The situation on Miami’s streets is grave, and similar conditions can be found throughout Florida. Fifteen Floridians die every day from an overdose. This epidemic requires bold responses.
A bill is pending in the Legislature (S 800/H 579) that would permit all counties in Florida to offer syringe-exchange programs.
In 2016, lawmakers passed the Infectious Disease Elimination Act, authorizing a five-year pilot syringe exchange program at the University of Miami. As faculty at the Miller School of Medicine, we are proud of the university’s leadership in what has been a highly effective, front-line intervention for people who use drugs.
The results of the IDEA Exchange in Miami leave no doubt about the importance of passing this bill. In just 13 months, the IDEA Exchange has tested hundreds of people for HIV and Hepatitis C, helping them into care and providing access to medications to halt the transmission of disease. These are essential services in a state with one of the highest rates of new HIV infections in the nation.
A critical part of the IDEA Exchange’s mission is making sure that naloxone is available to people who use drugs, their families and others who are likely to witness an overdose. Naloxone is a safe, easily administered medication that can almost instantly reverse the effects of opioid overdose. As Human Rights Watch has documented, syringe exchanges are one of the best ways to get naloxone into the hands of people who need it the most.
With its mobile van, IDEA has been able to do extensive street outreach, offering naloxone kits and other health services without judgment and always with a kind word. This process gives people who are using drugs the opportunity to ask for help getting into treatment — when they are ready. Because people must bring a needle to receive one, the IDEA exchange has removed more than 100,000 dirty syringes from the streets of our city. All of this has been accomplished without increasing crime or drug use, and without state funds.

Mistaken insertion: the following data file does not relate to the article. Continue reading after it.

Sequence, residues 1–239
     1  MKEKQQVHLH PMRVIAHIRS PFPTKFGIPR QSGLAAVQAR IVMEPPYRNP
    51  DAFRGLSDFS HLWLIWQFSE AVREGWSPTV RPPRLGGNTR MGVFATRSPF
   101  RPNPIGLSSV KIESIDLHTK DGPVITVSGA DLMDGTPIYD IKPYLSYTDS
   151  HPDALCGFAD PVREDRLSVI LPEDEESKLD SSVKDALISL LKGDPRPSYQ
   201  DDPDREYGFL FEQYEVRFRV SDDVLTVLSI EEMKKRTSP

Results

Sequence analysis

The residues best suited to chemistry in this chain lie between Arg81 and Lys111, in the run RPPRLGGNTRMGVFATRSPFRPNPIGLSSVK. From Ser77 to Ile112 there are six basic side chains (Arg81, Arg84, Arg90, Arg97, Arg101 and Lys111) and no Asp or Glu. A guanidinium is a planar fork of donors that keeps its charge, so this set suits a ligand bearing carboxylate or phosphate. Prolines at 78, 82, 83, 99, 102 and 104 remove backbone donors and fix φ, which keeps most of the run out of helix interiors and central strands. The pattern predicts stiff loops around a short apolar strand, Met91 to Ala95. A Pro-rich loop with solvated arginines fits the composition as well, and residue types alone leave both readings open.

The program is serving people who have fallen on hardship, including doctors, nurses, lawyers, students, musicians and entrepreneurs. One of them is Arrow, who lives under an overpass in Overtown. He has saved dozens of people with naloxone distributed by the IDEA Exchange and is considered a hero among his neighbors who sleep near him on the street, whom he considers his family. The IDEA Exchange is the only place where Arrow and the many others overcome by addiction are treated with dignity and can still feel like human beings.
There have been 387 lives saved from opioid overdoses since IDEA began distributing naloxone last April. That’s not just a number — to many Floridians it means a son, a daughter, a husband, a wife or a friend.
But in many of Florida’s other 66 counties, the opioid epidemic is worse than in Miami-Dade. Fentanyl deaths in the state increased by 97 percent between 2015 and 2016. The State Medical Examiner’s report for 2016 shows that in 24 counties, death rates from fentanyl were equal to or higher than in Miami-Dade, with the most in Duval County. In Manatee County, deaths from fentanyl analogues or derivatives, in 2016 were double the number in Miami-Dade. In 2016, Palm Beach County had the highest number of heroin-related overdose deaths.
Recognizing the importance of expanding IDEA’s services statewide, state Sen. Oscar Braynon, D-Miami, and Rep. Shevrin Jones, D-West Park, introduced legislation that would permit all Florida counties to establish pilot programs under the IDEA Exchange model.
Florida faces an overdose epidemic that is taking an estimated 15 lives each day. In the next few weeks, the Legislature has the opportunity to make sure that every county in the state has the tools to address this public health crisis and save lives. Every week that we wait means another 105 lives not saved.
Dr. Hansel Tookes is assistant professor of medicine at the University of Miami’s Miller School of Medicine. He is the founder and medical director of the IDEA Exchange. Felicia Knaul, Ph.D., is professor of public health sciences at the Miller School of Medicine and director of the Institute for Advanced Study of the Americas.